The best-case resolution to a telephone call is that you are able to quickly discern the customer’s issue, describe the options, pick a suitable resolution with the customer’s participation, and fix any problem. However, quite often it may be case where you will need to transfer the customer to someone else on your team—perhaps a specialized service worker, a supervisor, or an entirely different department. After your work building an effective rapport with the customers, they may find this step upsetting. You can alleviate the transfer stress with a few preliminary steps.

First, explain the need for the transfer to your customers, and ask their permission to do so. Once again, it comes back to involving your customers through each step as a partner in the solution to their problems. If you need to put the customer on hold, be sure to check in every 20-30 seconds with an update on your progress. If the customer feels ignored, gets frustrated, hangs up, and calls back, the process may need to begin all over again at step one—only this time with an even-more agitated caller.

Avoid any transfer where the customer will have to explain an issue all over again to another customer service worker or supervisor. When you return to your customers after finding the proper connection, be sure to thank them for waiting, and apologize if necessary for any excessive delay. Take time to introduce the customer to whomever is receiving the call transfer, confirm that the worker has been informed of the issue, and assure the customer that a resolution is about to happen.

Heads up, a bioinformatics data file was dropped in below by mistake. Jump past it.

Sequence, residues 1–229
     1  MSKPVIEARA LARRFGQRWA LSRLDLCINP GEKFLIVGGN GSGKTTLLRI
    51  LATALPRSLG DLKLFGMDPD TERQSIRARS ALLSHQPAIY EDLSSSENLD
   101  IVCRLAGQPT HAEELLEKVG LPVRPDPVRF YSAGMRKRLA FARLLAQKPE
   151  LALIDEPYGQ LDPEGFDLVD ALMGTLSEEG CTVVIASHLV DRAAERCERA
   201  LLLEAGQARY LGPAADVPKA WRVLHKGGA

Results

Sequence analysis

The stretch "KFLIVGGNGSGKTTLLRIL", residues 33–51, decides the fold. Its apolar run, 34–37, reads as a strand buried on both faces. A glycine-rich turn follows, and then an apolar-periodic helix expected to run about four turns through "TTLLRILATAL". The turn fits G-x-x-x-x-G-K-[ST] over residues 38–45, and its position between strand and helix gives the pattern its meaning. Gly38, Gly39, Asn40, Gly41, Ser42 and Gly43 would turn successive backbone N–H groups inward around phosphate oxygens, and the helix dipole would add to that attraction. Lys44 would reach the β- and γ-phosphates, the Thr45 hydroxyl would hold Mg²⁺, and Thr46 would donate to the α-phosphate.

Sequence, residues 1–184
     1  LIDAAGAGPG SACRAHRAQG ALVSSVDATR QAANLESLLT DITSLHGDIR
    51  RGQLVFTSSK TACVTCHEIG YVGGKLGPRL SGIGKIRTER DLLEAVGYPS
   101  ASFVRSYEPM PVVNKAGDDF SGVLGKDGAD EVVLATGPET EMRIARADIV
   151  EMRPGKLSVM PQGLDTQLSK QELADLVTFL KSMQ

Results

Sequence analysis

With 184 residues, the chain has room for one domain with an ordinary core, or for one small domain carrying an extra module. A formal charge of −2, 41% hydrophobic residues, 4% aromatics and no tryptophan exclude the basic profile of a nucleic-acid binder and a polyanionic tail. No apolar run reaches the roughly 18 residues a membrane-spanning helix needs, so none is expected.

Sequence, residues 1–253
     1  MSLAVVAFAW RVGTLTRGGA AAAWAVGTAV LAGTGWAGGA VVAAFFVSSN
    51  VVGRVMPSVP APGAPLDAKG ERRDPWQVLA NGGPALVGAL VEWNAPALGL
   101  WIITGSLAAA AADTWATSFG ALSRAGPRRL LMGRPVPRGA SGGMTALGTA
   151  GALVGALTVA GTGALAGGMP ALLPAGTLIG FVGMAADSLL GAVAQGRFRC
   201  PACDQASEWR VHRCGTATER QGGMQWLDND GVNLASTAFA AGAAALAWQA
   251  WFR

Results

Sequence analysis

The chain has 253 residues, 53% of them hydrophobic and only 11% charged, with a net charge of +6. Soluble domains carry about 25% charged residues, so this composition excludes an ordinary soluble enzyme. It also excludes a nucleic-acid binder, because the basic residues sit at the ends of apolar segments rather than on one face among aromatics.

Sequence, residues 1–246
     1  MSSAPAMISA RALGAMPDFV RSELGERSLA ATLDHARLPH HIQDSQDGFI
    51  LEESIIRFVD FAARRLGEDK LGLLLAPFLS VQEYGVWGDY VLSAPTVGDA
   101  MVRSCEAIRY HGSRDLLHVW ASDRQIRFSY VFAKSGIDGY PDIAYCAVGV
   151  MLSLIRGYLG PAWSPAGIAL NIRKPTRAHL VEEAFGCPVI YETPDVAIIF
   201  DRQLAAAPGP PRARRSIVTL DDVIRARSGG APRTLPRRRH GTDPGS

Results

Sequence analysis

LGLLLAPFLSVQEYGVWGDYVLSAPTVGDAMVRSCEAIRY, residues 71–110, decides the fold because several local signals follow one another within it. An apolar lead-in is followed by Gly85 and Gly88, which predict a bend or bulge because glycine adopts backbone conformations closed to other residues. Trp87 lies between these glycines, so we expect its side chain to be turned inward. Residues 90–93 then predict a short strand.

Most all of us have been in the frustrating position of working through a company’s phone system, placed on long holds, repeated our issue over and over again with each transfer, been disconnected during a transfer—only to have to begin it over again. It isn’t hard for us to put ourselves into our customer’s place as they deal with similar frustrations. By our efforts at empathy and efficient procedures, we can turn the telephone interaction into an effective tool for serving our customer and our company, smoothly and productively.


  • Telephone and telephonic communications can include many different types of equipment and connecting platforms.
  • In the absence of visual cues, our voice and the voice of our customers become the essential medium of communication. We should speak at a proper rate of speed and volume, with a tone that conveys commitment and competency.
  • Ask for permission from customers before placing them on hold, initiating a transfer, and connecting them with a new service representative. Introduce them to the new contact, and inform them that their problem has been explained.
  • Be sure to thank your customers for their patience, apologize for any delays, and assure them that a solution to their problem is on its way.

 PDF file of this lesson: Customer Service Telephone Skills